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Physics - The Chernobyl Incident

The 1986 Chernobyl incident

On the 25 th of April 1986, the Chernobyl power plant in Ukraine, was preparing for a test to determine how long the turbines would spin and supply the essential power to the main circulating pumps. This test had been carried out in 1985, but the power from the turbine rapidly ran down, so new voltage regulator designs were to be tested.

A series of operator actions preceded the attempted test early on the 25 th of April. By the time that the operator moved to shut down the reactor, the reactor was in an extremely unstable condition. The interaction of very hot fuel with the cooling water led to fuel fragmentation along with rapid steam production and an increase in pressure.

Intense steam generation spread throughout the whole core causing a steam explosion and releasing fission products into the Earth’s atmosphere. About two to three seconds later, a second explosion threw out fragments from the fuel channels and hot graphite.

Immediately following the incident, 31 people died, 28 of these deaths were due to radiation poisoning. The winds carried the radioactive dust as far as Wales in the UK. The incident killed 30 operators that were working at the Chernobyl 4 reactor. Nineteen individuals died between 1986 and 2004.

The Impact

Some of the casualties included fire-fighters who attended the initial fires on the roof of the turbine building. All these were put out in a few hours, but radiation doses on the first day were estimated to range up to 20,000 millisieverts (mSv), causing another 28 deaths.

The next task was to clean up the radioactivity at the site so that the remaining three reactors could be restarted, and the damaged reactor shielded more permanently. Over 200,000 individuals helped clean up during 1986 and 1987.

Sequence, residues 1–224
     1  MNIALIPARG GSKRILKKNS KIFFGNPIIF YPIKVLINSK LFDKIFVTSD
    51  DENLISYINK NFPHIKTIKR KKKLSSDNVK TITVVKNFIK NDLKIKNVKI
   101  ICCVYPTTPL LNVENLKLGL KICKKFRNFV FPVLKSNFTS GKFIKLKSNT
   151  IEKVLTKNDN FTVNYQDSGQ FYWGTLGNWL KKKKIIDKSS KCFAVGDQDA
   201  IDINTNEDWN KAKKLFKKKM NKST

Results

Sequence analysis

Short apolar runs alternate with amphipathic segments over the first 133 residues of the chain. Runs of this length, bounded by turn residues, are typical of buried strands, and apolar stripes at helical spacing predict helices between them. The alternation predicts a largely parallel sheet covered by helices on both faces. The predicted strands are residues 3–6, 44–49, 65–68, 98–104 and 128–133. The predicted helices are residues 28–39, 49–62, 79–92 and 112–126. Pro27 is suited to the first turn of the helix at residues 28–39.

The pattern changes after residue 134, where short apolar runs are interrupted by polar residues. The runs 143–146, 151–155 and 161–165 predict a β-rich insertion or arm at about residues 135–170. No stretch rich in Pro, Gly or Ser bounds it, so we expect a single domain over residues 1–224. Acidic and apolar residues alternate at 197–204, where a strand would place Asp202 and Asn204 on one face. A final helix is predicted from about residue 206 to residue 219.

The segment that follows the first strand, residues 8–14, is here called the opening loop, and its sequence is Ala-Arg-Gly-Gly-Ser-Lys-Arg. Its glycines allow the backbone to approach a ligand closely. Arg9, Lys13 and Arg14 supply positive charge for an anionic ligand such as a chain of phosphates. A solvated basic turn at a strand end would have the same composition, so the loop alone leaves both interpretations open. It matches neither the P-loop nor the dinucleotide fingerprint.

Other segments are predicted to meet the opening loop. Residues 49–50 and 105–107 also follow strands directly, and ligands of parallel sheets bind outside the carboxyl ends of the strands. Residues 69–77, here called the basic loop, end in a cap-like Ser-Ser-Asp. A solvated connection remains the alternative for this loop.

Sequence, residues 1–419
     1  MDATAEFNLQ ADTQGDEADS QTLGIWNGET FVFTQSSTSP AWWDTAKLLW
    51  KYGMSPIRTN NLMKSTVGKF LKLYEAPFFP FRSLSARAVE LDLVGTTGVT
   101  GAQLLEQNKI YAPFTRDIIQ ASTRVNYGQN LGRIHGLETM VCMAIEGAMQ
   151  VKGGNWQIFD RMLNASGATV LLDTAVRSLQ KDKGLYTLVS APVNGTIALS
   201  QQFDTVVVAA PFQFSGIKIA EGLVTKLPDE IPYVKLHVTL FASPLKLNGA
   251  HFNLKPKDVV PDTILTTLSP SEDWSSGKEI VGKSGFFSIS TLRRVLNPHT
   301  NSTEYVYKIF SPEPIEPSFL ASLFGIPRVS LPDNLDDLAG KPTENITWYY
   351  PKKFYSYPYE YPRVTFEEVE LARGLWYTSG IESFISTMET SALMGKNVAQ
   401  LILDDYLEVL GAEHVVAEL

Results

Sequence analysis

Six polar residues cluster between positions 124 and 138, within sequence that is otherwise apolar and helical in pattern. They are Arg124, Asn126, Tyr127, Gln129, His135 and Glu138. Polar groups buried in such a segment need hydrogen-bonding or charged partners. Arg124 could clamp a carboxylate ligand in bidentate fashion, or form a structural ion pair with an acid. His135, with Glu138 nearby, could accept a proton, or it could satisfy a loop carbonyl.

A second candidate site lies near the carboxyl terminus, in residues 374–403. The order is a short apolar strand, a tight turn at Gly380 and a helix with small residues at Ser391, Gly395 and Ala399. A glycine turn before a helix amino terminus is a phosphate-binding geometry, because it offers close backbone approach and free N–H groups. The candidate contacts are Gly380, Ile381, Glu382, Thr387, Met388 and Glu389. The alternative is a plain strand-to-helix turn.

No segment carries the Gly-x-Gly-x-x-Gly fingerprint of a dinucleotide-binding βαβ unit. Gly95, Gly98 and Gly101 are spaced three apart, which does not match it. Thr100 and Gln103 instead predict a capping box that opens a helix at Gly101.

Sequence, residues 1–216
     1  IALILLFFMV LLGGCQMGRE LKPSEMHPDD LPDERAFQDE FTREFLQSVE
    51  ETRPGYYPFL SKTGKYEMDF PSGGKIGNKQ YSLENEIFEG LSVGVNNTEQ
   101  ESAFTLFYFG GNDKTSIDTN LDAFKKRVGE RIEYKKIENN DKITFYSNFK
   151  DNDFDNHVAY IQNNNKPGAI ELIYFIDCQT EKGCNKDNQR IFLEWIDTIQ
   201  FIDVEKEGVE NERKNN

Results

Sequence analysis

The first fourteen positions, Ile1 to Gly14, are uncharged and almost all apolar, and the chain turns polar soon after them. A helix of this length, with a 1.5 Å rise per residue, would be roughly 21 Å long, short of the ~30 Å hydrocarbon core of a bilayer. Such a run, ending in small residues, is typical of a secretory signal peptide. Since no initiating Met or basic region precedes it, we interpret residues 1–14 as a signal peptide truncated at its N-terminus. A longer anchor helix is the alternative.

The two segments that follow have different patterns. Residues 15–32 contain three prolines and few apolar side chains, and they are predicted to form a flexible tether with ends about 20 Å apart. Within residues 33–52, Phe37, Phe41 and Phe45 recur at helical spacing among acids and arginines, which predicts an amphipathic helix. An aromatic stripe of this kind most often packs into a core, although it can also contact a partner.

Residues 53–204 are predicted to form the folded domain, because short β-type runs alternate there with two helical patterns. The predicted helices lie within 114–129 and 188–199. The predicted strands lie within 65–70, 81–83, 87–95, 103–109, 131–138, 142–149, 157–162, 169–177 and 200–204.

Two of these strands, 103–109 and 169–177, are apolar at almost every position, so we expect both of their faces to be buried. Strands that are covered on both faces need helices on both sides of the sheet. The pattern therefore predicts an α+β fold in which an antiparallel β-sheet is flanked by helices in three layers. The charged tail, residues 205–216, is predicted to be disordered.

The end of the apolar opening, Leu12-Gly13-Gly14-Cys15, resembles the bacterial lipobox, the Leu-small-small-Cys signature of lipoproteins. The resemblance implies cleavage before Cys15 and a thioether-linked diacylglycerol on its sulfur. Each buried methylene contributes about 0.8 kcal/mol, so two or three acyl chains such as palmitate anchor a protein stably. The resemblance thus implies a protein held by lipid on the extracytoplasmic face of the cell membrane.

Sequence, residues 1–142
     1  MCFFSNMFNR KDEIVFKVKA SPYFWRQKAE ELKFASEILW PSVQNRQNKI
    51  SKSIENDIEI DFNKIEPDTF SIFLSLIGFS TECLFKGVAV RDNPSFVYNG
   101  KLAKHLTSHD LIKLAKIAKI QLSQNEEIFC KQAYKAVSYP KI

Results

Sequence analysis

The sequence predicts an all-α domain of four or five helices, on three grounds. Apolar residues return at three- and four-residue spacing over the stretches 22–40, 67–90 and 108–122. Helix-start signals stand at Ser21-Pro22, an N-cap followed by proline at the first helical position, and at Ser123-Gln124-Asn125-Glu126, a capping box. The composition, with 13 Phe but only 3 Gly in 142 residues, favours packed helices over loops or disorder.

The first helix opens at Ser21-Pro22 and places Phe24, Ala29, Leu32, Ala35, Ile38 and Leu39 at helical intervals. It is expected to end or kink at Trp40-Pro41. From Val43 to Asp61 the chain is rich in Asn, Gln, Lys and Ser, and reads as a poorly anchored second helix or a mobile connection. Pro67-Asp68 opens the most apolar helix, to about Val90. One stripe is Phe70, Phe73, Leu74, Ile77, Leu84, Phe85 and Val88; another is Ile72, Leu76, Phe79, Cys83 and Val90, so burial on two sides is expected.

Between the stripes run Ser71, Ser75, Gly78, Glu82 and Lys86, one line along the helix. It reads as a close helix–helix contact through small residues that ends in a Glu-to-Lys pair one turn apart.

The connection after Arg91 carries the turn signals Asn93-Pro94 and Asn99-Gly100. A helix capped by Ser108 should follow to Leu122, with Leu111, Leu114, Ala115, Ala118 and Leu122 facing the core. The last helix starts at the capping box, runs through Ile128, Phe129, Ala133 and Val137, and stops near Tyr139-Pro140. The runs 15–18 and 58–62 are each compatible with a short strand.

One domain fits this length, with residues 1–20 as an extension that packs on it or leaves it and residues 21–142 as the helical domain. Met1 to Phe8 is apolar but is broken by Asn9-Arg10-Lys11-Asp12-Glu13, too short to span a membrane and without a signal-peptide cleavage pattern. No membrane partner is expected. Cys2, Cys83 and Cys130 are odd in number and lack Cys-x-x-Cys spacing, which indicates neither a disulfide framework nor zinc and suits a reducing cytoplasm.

Chernobyl was a small town, but is now a ghost town. The incident at Chernobyl was the worst-ever nuclear incident. It was due to mistakes made by the plant operator and a design fault. The town of Chernobyl was evacuated because the number of thyroid cancers and leukaemia rose.

When it rained, the radioactive material settled on land, which contaminated it. In the UK, 9000 farms were contaminated.

Environmental and health effects of the Chernobyl incident

In 1986, the World Health Organisation (WHO) first raised concerns that the local medical scientists had incorrectly attributed various biological and health effects due to radiation exposure. Following this, the Government of the USSR requested the International Atomic Energy Agency (IAEA) to coordinate an international experts’ assessment of the incidents, environmental and health consequences.

50 field missions were conducted by 200 experts from 25 nations, significant health disorders were evident in both control and exposed groups, but, at that stage, none were related to radiation.

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